WHEN Gladstone was reeling from the closure of the city's biggest employer, the meatworks, in 1962, the announcement of Queensland Alumina Limited raised community spirits.
After competing with 11 other locations, the port city was chosen as the site for a refinery to process significant alumina deposits discovered at Weipa, far-north Queensland.
Gladstone was favoured as a site due to its deep water harbour and the proximity of rail access.
Information provided by QAL shows the refinery was built by a consortium of organisations - Comalco, Kaiser, Alcan and Pechiney.
The construction was the biggest engineering feat of its time ever in the sunshine state.
Construction peaked in 1966 when 2800 workers from about 70 businesses worked 48-hour weeks to earn a wage of 35 pounds.
During construction, more than 400 homes, two caravan parks, and a single men's quarters called Yaralla Hostel, were built to establish the suburbs of Barney Point and West Gladstone.
QAL took delivery of its first bauxite shipment of 10,000 tonnes in December 1966, which resulted in 35,586 tonnes of alumina being shipped to the US in August the following year.
In one of Gladstone's biggest ever celebrations, QAL was officially opened by then Premier Sir Francis Nicklin on August 4, 1967.
Since then QAL has gone on to collaborate with Gladstone Regional Council on significant projects for the region including Awoonga Dam, the bridge to Boyne Island, Gladstone's first water treatment plant, improvement of hospital services.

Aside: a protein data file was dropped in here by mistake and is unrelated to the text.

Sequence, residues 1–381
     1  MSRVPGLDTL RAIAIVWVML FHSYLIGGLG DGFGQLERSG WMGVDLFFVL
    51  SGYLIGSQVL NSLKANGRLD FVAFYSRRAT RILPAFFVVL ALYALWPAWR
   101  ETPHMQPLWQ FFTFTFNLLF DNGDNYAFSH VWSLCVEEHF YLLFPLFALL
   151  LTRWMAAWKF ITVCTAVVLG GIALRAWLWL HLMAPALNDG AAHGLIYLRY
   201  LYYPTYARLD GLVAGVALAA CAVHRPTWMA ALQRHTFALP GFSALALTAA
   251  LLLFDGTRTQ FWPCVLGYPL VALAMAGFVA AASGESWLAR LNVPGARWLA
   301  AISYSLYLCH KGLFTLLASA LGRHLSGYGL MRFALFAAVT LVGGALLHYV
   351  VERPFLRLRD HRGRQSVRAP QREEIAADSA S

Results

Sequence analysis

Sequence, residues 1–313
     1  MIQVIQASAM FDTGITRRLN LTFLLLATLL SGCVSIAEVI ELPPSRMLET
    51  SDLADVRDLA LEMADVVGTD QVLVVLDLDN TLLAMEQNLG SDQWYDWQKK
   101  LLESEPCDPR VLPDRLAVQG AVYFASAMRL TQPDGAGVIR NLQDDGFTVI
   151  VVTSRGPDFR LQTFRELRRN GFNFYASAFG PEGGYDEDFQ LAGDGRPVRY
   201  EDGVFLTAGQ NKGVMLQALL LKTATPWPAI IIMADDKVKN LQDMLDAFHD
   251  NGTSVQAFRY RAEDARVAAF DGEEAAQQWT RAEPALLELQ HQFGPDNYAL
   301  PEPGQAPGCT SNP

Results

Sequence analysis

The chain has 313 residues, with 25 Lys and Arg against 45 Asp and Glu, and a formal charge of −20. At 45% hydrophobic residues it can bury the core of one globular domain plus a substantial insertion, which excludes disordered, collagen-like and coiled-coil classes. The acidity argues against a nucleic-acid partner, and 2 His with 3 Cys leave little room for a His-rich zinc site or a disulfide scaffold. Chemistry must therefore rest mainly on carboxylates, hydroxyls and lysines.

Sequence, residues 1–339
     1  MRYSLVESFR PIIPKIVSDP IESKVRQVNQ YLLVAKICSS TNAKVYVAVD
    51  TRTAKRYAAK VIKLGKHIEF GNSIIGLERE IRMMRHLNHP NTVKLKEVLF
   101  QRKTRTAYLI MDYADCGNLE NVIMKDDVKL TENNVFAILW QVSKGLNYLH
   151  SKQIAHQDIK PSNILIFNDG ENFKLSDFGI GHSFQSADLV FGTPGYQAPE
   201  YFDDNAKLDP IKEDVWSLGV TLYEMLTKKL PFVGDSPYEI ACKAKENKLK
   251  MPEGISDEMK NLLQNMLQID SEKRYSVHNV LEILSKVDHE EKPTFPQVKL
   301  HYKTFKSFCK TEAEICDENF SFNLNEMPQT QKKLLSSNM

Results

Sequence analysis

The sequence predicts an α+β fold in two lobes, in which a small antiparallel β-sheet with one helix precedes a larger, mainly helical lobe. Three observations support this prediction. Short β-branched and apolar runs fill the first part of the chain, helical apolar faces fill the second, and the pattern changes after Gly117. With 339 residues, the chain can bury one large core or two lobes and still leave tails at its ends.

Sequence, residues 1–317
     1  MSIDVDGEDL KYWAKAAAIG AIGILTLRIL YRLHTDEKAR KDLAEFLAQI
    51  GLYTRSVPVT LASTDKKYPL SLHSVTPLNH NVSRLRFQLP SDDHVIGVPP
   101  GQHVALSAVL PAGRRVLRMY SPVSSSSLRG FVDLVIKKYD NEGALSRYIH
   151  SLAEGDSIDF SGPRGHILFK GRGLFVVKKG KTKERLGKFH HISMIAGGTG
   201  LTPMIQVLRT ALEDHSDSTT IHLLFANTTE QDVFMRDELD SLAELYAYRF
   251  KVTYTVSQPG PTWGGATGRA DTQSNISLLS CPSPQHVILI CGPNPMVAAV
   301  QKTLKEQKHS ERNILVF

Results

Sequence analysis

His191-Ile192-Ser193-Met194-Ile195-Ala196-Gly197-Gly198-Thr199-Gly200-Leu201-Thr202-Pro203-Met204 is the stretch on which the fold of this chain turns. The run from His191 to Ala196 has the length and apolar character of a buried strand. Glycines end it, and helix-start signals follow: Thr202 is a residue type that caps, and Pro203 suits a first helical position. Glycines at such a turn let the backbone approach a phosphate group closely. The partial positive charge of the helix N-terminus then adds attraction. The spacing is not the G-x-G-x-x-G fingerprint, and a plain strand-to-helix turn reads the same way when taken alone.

QAL also played an instrumental role in establishing the green belt from the Duck Ponds to the PCYC, including Gladstone pool, tennis, hockey, netball, basketball and softball courts.
During its more than 53 year existence, thousands of "Gladstonians" have been employed by QAL and hundreds still work there.
Over the decades, QAL through Rio Tinto has injected billions of dollars into the Gladstone region economy and helped put the city on the map as Queensland's industrial powerhouse.
Bauxite is refined into alumina at QAL through the four-stage Bayer process.
1. Digestion - Dissolving bauxite's alumina content
2. Clarification - Settling out undissolved impurities
3. Precipitation - Forming alumina crystals
4. Calcination - High-temperature drying of alumina.
The refined alumina is then used to make aluminium at facilities like Boyne Smelters, around Australia and the world.